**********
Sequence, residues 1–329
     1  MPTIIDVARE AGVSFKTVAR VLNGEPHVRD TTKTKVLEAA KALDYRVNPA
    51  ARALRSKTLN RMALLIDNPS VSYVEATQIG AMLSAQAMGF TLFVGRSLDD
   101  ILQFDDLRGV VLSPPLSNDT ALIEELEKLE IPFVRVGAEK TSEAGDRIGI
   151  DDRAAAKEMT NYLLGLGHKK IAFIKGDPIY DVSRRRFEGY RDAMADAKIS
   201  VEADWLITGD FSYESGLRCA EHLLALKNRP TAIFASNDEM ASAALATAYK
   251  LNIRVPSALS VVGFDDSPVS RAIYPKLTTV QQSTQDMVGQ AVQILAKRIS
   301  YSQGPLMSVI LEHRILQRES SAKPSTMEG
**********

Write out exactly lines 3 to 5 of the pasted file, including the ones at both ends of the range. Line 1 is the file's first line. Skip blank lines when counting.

    51  ARALRSKTLN RMALLIDNPS VSYVEATQIG AMLSAQAMGF TLFVGRSLDD
   101  ILQFDDLRGV VLSPPLSNDT ALIEELEKLE IPFVRVGAEK TSEAGDRIGI
   151  DDRAAAKEMT NYLLGLGHKK IAFIKGDPIY DVSRRRFEGY RDAMADAKIS